Another way to determine the stability of your Internet connection is looking at the Feeder Check-In time on your My ADS-B Stats pages. Your receiver is designed to “check-in” with FlightAware approximately every 5-10 minutes to ensure it’s healthy. If you see a longer time, it may indicate a problem with the receiver, including the internet connectivity.
Things you can do to ensure Internet stability
Use wired Ethernet In general, wired Ethernet connections are faster and more reliable than a Wi-Fi connection. A Wi-Fi connection is susceptible to interference from other electrical devices and physical objects can often block the signals.
Have both Ethernet and wireless connection enabled The data feed to FlightAware will use the wired connection and if that doesn’t work it will fall back to using the wireless connection. If the wired connection becomes available again it will switch back to using the wired connection.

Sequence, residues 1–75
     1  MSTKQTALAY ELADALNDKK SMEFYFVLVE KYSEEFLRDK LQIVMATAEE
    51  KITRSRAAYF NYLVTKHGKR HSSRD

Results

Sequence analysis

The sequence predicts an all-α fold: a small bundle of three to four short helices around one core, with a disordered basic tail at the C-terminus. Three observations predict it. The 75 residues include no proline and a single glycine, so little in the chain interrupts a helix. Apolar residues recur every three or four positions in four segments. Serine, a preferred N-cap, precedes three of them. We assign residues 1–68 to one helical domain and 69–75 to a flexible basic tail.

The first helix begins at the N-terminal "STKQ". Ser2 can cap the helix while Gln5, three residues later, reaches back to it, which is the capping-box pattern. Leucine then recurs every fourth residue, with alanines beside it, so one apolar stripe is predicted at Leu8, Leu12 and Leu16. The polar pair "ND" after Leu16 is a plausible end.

Place your receiver and access point close to each other A router stowed away in a closet is not the ideal place for it. A receiver placed in the attic will work but the internet stability may be affected due to obstructions. If Ethernet is not an option, try placing them closer to each other.
Upgrade your internet or router We realize this is not possible for everyone, but if it is, investing in a good internet, router, or Wi-Fi extender can help immensely.
What have you done to ensure your receiver is connected and online 24/7? Email us at email@example.com and let us know!
Next month, we’ll be talking about Lightning and Electrical Surge Protection.
If you have any topics or content you would be interested in seeing in our monthly newsletter or just want to leave us a comment or feedback, email us at firstname.lastname@example.org
Help increase our coverage!
Our ADS-B network spans across 194 countries on all 7 continents thanks to you all. Our goal is to expand our terrestrial ADS-B coverage across the entire world, especially around airports to improve our surface coverage. If you or someone you know has connections to airports and FBO’s or live in areas where we lack coverage, we’d love to send you a FlightFeeder! You can apply for one here. If we already have coverage in your area, you can still contribute to FlightAware by building your own PiAware. It’s a fun little weekend project!
STAY IN TOUCH